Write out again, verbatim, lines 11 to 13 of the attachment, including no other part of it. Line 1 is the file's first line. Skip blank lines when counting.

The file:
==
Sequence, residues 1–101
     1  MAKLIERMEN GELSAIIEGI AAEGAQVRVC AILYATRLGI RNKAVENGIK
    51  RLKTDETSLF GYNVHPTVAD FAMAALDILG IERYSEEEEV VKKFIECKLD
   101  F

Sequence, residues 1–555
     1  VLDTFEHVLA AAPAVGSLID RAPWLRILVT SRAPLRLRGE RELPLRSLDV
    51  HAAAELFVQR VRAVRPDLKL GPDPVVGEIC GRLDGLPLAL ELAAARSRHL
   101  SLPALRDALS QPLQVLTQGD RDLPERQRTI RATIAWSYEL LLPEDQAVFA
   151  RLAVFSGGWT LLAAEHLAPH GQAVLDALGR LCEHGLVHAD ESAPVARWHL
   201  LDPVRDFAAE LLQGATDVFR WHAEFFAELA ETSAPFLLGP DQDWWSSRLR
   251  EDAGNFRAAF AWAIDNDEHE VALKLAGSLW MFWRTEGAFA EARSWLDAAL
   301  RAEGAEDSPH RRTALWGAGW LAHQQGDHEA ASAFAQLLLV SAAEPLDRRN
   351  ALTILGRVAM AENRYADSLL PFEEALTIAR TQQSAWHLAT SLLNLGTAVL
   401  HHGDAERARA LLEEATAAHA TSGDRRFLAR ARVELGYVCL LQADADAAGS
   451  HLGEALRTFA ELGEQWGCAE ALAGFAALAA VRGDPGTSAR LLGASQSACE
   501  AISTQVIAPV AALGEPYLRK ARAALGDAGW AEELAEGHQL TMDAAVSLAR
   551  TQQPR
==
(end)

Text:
   251  EDAGNFRAAF AWAIDNDEHE VALKLAGSLW MFWRTEGAFA EARSWLDAAL
   301  RAEGAEDSPH RRTALWGAGW LAHQQGDHEA ASAFAQLLLV SAAEPLDRRN
   351  ALTILGRVAM AENRYADSLL PFEEALTIAR TQQSAWHLAT SLLNLGTAVL